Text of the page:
The Institut identifies 20% of patients with glaucoma risk24/03/2015 · News
The Institut de la Màcula conducted an awareness Campaign to draw attention to glaucoma during World Glaucoma Week, which was held on 9-13 March. The main aim of the campaign was to alert the population to the importance of early detection in the fight against the disease.
The Institut opened its doors on 10, 12 and 17 March to perform free early detection tests. In addition, a medical team from the Institut travelled to a number of Ecoceutics Pharmacies to conduct examinations in the Catalan region. Twenty per cent of those who underwent free testing were told they have an increased risk of suffering glaucoma and should make an appointment to see their ophthalmologist. This demonstrates how many people can suffer from the disease without realising because they have not undergone an eye examination.
Dr. Marta Pazos, the ophthalmologist specialising in glaucoma at the Institut de la Màcula, said “conducting awareness campaigns like this one is almost essential”. Moreover, she expressed her satisfaction and felt “very positive about the campaign which has served to alert the population to the importance of early testing”. Dr Pazos also stressed the vital nature of not losing sight of glaucoma “not just on red-letter occasions such as World Glaucoma Week”.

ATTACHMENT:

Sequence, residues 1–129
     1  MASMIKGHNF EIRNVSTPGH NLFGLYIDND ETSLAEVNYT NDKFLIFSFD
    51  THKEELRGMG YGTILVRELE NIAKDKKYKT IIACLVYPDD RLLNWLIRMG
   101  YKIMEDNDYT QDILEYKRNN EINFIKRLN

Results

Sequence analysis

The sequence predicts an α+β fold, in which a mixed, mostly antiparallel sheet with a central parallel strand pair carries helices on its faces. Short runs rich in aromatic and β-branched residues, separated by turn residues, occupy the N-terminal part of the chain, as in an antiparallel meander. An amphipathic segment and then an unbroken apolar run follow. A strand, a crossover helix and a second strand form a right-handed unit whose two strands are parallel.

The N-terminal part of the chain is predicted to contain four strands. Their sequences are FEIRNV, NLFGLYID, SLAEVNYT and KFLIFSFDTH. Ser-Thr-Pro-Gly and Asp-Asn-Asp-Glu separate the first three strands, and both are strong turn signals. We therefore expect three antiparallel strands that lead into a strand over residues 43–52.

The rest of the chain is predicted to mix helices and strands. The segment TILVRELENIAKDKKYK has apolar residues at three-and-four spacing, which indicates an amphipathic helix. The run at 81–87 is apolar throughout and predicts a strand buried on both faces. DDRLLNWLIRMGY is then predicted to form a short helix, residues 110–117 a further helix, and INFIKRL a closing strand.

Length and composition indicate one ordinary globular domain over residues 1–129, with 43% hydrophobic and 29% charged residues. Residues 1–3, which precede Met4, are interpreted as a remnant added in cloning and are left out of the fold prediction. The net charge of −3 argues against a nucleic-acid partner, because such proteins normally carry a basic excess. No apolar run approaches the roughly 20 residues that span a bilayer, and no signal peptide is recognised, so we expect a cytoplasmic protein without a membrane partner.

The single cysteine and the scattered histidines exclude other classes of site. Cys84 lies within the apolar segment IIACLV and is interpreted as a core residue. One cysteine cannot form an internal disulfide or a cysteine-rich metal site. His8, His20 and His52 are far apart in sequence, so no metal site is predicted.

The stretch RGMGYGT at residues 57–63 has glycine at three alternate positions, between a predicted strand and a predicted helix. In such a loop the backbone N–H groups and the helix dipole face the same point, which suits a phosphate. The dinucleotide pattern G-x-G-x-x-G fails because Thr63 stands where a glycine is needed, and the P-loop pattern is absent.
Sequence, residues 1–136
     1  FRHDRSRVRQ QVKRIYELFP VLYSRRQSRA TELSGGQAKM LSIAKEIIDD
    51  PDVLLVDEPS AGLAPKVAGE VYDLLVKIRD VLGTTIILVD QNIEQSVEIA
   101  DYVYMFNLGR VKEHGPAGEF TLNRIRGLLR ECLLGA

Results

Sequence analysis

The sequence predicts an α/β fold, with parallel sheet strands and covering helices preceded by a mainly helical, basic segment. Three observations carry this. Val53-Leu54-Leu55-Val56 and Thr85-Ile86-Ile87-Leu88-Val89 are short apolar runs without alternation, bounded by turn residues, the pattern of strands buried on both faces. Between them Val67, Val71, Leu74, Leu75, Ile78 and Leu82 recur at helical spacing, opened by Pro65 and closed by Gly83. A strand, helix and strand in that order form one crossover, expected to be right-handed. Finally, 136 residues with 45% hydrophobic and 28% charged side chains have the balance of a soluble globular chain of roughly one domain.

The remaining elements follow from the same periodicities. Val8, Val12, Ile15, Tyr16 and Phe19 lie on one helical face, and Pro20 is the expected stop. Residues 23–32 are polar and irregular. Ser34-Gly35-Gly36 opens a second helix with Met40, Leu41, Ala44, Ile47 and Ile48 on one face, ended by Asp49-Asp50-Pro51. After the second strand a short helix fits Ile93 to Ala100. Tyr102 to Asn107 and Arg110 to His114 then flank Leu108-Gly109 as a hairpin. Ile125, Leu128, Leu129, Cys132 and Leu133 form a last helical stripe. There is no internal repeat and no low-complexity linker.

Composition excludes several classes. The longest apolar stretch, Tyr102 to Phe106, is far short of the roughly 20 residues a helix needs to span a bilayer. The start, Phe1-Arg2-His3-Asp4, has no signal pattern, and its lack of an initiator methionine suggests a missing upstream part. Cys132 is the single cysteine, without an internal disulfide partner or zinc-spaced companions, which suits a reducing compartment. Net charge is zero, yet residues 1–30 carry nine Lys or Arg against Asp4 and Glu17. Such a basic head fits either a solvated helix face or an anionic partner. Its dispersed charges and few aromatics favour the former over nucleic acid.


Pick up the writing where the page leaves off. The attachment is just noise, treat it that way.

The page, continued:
Francesc Vilà, the President of Ecocuetics Pharmacies, agreed with Dr. Pazos’s assessment. He said that the campaign had been warmly received by pharmacy customers, who were able to undergo a free examination at their local establishment.
Glaucoma is a group of eye diseases that damage the optic nerve, the one that carries information to the brain. If left untreated, it causes irreversible deterioration in eyesight and can lead to blindness. Those most likely to suffer glaucoma have high eye pressure i.e. above 21 mmHg, are over 60 years old or have a family history of the disease.
From the age of 40, it is almost essential to undergo complete periodic eye check-ups that include the measurement of eye pressure and assessment of the optic nerve. In the initial stages, glaucoma does not present symptoms and therefore the best method for combating the disease is prevention. If untreated, it causes vision loss that cannot be restored. The forecast for the next 10 years is a 30% increase in the numbers affected.